What Canada’s 2017 federal budget means for employers

Canadian federal budget

On Wednesday, the federal government announced the 2017 budget – and there’s a number of investments, amendments, and policy changes that might change the workplace as we know it.

Here’s a look at what Canada’s 2017 federal budget means for employers:

Hard-to-fill jobs might soon be easier to fill

A number of initiatives outlined in the 2017 budget are geared toward identifying skills gaps in the Canadian labour market, and taking steps to close them. Many of the programs are geared toward encouraging the workforce to continue learning and honing skills long after their formal education is complete.

For example, $225 million was earmarked over the next four years to establish a new organization that works with employers, schools, and non-profit organizations to explore new ways to offer skills development. Another project will develop and test new approaches that make it easier for adults in the workforce to qualify for student financial assistance and return to school.

These projects (and their timelines) are still vague at best, but the fact that these issues are being addressed should be welcome news to most small business owners. “We applaud measures in the budget to help build skills levels and the labour force available to employers,” said Dan Kelly, president of the Canadian Federation of Independent Business, in its post-budget news release.

…and it could be easier to recruit foreign high skilled talent

The federal budget also expanded its commitment to enticing more foreign talent to Canada. In November, the Global Skills Strategy was announced to “help high-growth Canadian companies attract the specialized global talent they need to innovate and grow,” according to ISED. A major component of this strategy was the streamlining of work permits and temporary resident visas for foreign highly skilled talent so that the process takes two weeks instead of three months.

The 2017 budget took this initiative a step further with financial support for the Temporary Foreign Worker Program and the International Mobility Program. The budget also included an amendment to the Immigration and Refugee Protection Act to ensure that the Express Entry system is “responsive to the needs of the Canadian labour market.”

Employment Insurance benefits are getting more flexible

The budget announced several amendments to the Employment Insurance Act to broaden eligibility, and offer more flexible options to the ever-changing workforce. Highlights include:

  • A new EI caregiving benefit for up to 15 weeks
  • An 18-month parental leave
  • Increased job protection to federally regulated sectors while they are receiving caregiving, parental or maternity benefits

In addition, an investment of over $130 million will allow unemployed Canadians to go back to school or get additional training while still receiving EI benefits.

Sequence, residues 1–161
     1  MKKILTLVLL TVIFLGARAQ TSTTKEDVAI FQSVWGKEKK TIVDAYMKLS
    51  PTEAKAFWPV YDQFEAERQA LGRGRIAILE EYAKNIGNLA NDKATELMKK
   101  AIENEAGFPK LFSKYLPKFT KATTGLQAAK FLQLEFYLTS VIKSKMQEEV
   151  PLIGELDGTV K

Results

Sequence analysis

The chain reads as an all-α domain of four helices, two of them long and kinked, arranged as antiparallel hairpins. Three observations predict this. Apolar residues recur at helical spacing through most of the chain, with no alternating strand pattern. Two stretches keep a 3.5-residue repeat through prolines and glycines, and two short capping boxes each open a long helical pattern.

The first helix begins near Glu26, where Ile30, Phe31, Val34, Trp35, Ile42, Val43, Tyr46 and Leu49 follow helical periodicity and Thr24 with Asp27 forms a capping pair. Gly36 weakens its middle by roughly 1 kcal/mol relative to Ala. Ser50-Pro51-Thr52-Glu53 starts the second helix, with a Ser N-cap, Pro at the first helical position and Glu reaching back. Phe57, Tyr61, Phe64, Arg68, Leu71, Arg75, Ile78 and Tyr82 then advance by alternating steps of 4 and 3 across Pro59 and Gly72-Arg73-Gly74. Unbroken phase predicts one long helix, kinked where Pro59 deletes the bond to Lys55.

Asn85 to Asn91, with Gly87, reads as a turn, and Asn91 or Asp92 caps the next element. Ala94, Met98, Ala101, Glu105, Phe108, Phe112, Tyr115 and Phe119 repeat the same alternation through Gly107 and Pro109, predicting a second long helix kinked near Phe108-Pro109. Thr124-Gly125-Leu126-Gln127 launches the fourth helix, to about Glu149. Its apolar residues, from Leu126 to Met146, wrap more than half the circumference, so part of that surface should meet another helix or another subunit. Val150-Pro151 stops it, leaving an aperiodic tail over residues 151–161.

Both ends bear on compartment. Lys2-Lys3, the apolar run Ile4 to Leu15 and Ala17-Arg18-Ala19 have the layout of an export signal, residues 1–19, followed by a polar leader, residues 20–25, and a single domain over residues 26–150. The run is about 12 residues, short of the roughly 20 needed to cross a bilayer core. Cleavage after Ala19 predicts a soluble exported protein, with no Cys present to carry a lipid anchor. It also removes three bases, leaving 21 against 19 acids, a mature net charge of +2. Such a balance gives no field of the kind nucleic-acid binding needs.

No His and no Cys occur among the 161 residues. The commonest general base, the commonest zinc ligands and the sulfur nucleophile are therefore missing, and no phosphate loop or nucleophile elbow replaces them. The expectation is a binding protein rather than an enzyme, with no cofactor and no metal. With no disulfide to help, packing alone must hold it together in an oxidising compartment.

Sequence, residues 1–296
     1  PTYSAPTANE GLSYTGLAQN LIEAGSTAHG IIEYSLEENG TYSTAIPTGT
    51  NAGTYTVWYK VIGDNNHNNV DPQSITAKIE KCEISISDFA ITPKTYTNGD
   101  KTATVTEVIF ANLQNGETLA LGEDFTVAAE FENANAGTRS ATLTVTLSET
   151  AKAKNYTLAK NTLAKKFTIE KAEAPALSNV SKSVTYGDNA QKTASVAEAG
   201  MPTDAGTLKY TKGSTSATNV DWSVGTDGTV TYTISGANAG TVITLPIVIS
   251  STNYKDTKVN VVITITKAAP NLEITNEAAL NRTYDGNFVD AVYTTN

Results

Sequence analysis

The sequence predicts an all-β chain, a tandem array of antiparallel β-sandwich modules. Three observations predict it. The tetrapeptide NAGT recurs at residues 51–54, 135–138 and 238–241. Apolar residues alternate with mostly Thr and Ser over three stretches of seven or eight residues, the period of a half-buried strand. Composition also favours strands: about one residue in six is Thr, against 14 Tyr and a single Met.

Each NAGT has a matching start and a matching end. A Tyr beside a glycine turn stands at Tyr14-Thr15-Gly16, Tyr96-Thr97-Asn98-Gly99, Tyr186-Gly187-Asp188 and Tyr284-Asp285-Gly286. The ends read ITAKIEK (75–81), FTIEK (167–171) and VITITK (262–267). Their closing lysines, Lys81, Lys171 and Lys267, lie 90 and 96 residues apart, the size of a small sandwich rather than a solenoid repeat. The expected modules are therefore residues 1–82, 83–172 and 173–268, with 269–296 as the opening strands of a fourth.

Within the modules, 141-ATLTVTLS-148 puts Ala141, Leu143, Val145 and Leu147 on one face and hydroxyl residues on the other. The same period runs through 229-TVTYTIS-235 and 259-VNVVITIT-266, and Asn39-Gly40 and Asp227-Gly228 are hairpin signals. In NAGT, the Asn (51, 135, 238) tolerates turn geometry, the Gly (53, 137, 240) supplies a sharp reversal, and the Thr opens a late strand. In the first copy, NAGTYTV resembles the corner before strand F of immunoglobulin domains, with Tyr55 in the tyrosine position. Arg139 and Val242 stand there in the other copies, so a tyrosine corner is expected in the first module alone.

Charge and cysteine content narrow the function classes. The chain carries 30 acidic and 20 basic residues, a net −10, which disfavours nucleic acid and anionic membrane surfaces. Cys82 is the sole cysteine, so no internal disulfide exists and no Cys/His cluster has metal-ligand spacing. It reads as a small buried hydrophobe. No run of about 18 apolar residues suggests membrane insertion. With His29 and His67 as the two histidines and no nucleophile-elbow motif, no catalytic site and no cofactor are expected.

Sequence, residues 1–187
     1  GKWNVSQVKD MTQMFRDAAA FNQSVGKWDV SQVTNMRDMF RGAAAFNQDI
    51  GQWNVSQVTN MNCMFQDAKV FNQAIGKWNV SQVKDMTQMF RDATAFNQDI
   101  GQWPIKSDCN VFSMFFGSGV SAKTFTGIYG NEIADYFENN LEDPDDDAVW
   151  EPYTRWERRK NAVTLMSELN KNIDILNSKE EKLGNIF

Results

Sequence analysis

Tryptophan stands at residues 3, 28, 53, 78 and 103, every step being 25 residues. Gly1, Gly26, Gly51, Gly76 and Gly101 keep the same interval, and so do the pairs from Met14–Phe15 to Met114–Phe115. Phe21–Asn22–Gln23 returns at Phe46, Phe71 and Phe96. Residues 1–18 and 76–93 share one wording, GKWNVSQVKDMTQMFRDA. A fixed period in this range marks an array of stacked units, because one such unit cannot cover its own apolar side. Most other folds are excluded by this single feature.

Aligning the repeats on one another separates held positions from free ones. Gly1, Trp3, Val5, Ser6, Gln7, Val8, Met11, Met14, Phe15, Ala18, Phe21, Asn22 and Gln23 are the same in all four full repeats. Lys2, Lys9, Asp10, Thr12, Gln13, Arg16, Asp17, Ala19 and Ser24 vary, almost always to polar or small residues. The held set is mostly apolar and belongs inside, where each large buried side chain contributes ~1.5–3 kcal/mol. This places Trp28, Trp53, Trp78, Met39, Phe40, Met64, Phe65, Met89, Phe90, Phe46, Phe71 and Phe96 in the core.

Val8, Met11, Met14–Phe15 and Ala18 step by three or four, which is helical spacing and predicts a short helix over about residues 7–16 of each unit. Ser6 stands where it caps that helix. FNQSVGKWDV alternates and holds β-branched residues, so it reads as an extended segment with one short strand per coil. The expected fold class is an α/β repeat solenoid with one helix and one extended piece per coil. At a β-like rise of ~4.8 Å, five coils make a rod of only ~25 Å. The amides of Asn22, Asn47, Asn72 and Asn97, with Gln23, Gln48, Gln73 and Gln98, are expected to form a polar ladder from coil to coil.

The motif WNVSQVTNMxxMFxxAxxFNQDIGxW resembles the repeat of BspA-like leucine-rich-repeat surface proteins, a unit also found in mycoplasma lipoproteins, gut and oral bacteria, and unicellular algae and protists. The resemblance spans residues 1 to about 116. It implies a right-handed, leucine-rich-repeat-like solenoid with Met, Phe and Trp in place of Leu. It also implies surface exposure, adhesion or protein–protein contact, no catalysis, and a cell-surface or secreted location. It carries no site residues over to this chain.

…and so are work arrangements

According to the budget, federally regulated employees now have the right to request “more flexible work arrangements, such as flexible start and finish times, the ability to work from home, and new unpaid leaves to help them manage family responsibilities.”

Employees (and interns) are getting more protection

The federal budget also announced an intention to invest funds and amend the Canada Labour Code to improve employer compliance provisions, “to ensure that hard-working Canadians can more easily recover wages owed to them by their employer, and to ensure that employers who repeatedly offend will be punished.”

For students and young Canadians, the budget included a commitment to eliminate unpaid internships in federally regulated sectors, when they aren’t part of a formal educational program. When interns are unpaid (a.k.a. when they’re part of an education program), they are now protected by labour standards, like maximum hours of work, weekly days of rest, and general holidays.

…and entrepreneurs are getting more funding

The budget established the Venture Capital Catalyst Initiative to increase late-stage venture capital available to Canadian entrepreneurs. It also included $14 million over two years to support Futurpreneur Canada, a national not-for-profit organization that gives young entrepreneurs mentorship, learning resources and start-up financing.

Easier access to government programs is on the way

If all of this seems overwhelming, help is on the way. To try to consolidate the numerous programs (and required paperwork) available to startups and SMBs across many governmental departments, the budget announced the establishment of Innovation Canada, a platform designed to “make it easier for Canadian innovators to access and benefit from Government-led innovation programs.”

The budget also announced a whole-of-government review of all of these programs to ensure they are “effectively supporting Canada’s innovators in turning their ideas into thriving businesses.” And that’s what we all want, right?

See also:
3 SMB trends for 2017 that every employer needs to know


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